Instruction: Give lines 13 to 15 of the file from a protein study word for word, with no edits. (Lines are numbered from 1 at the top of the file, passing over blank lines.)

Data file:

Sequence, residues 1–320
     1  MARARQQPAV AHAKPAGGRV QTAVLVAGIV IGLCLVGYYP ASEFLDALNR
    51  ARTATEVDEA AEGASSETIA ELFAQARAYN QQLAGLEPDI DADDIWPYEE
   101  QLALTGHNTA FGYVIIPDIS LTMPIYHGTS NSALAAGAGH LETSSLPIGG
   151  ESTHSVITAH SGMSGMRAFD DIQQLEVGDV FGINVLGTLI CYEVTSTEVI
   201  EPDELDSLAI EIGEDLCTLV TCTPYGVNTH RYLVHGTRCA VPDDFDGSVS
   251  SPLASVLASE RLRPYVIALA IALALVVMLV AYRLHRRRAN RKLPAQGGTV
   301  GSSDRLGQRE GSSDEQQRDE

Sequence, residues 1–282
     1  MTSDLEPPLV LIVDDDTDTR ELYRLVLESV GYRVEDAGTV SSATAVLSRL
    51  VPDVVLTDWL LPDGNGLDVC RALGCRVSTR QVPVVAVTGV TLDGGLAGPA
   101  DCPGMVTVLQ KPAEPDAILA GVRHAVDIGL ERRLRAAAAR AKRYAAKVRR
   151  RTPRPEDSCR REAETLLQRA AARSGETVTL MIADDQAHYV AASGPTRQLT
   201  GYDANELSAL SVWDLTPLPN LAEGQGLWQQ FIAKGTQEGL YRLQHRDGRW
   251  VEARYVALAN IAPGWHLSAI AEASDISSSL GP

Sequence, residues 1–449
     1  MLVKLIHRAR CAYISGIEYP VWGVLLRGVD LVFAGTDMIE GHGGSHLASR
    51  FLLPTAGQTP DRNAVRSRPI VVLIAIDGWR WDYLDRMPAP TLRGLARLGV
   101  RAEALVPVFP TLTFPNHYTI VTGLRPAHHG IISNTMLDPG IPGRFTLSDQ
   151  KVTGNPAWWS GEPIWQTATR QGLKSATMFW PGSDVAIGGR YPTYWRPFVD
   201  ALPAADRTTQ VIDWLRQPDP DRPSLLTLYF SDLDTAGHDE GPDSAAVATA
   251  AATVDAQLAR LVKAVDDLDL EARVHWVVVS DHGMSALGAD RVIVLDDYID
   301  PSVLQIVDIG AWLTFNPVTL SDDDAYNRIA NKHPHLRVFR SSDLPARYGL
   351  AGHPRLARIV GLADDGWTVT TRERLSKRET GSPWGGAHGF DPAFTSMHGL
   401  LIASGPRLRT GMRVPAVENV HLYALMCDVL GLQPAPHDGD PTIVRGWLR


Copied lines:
   151  RTPRPEDSCR REAETLLQRA AARSGETVTL MIADDQAHYV AASGPTRQLT
   201  GYDANELSAL SVWDLTPLPN LAEGQGLWQQ FIAKGTQEGL YRLQHRDGRW
   251  VEARYVALAN IAPGWHLSAI AEASDISSSL GP